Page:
Displaced Syrians observe Ramadan

Syria’s crisis has brought intolerable burdens, woes and calamities to the lives of most Syrians, half of whom have found themselves in places they had never imagined they could stay at.

The government in Syria has opened centers to host the Internally Displaced People, or IDPs. Such centers are either schools, or summer children camps.

In each city in Syria under the government control, there are displaced families, who try to cope with their situations in one of the displacement shelters.

In the town of Hirjalleh in the countryside of the capital Damascus, Abu Ahmad, a man in his 50s from the rebel-held town of Ataibeh, east of Damascus, sat at the doorstep of his room in the Hirjalleh camp, watching his wife preparing the Ramadan breakfast.

Having to fast from dawn to dusk, without smoking, or drinking a cup of tea, Abu Ahmad spent the first day of Ramdan remembering how he and his family used to observe this month, the most important one in the Islamic calendar.

“We are observing Ramadan this year, but unlike pre-war times, the atmospheres have largely changed, as we used to stay up late with family members and friends, we used to enjoy the company and gathering of one another. Now, that situation has changed, as our relatives and friends are in different locations, pushed away by the war.”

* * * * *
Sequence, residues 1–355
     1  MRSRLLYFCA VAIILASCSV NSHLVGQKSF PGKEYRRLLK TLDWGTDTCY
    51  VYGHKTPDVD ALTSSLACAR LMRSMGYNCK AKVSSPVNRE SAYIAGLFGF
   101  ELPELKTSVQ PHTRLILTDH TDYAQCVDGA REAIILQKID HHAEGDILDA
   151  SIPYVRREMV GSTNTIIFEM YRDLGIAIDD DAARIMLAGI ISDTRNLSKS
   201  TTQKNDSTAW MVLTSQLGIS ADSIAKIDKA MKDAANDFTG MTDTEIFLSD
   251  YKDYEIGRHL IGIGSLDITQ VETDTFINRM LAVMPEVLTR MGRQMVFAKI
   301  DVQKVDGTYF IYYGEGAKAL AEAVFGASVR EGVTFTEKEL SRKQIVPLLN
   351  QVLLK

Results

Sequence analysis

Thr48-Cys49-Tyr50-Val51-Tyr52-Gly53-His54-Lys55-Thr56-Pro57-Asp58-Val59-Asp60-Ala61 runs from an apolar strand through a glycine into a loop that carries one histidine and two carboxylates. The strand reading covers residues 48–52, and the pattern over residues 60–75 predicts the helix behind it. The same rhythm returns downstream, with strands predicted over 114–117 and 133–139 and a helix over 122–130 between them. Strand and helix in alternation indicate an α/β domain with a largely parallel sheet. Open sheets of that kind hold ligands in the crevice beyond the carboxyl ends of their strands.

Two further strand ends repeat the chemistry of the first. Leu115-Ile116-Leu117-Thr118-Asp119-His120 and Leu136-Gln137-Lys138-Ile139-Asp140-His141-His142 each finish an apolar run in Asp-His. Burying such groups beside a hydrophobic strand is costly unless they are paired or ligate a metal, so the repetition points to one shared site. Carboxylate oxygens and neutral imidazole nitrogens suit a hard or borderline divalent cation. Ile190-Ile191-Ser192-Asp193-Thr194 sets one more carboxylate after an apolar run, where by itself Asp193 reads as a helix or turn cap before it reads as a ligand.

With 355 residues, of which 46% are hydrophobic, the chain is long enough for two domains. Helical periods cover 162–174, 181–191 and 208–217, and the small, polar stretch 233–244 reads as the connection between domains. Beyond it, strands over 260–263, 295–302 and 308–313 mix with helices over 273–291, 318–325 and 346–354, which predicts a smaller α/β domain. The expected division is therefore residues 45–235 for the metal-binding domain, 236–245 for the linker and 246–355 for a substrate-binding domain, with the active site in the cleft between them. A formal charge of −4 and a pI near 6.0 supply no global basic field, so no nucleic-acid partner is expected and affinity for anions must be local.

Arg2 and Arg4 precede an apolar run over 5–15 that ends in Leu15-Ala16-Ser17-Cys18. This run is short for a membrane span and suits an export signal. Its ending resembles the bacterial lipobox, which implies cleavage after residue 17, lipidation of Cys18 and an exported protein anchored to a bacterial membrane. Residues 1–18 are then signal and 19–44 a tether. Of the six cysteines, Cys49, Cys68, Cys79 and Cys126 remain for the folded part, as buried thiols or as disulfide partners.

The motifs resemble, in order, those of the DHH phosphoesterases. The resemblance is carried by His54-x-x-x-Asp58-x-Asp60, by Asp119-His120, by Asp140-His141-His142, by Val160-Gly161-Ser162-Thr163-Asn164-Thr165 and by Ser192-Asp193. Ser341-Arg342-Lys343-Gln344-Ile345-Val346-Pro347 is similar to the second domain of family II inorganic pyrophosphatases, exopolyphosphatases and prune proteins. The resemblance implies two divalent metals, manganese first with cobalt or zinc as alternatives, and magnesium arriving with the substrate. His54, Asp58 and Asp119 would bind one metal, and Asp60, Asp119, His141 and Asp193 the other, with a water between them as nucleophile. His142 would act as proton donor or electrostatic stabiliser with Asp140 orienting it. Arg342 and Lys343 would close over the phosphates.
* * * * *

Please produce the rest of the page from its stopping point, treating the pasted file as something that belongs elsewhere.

His wife, Sawsan, spent the first day thinking what else she can cook to her children, aside from the two free meals the camp provide for them.

“We are spending Ramadan this year in this displacement camp in Hirjalleh, with people who have become like family members to us in addition to the officials who are in charge here, they made us feel welcome here. It’s been four years since we have been displaced, and we don’t feel like strangers here anymore. Even though we are far from home, we are trying to create similar atmospheres here, and we are trying our best to live our lives and be positive and hopeful in the future.”

Muslims around the world celebrate the holy month of Ramadan by praying during the night time and abstaining from eating and drinking during the period between sunrise and sunset.

Ramadan is the ninth month in the Islamic calendar and it is believed that the Koran’s first verse was revealed during its last 10 nights.

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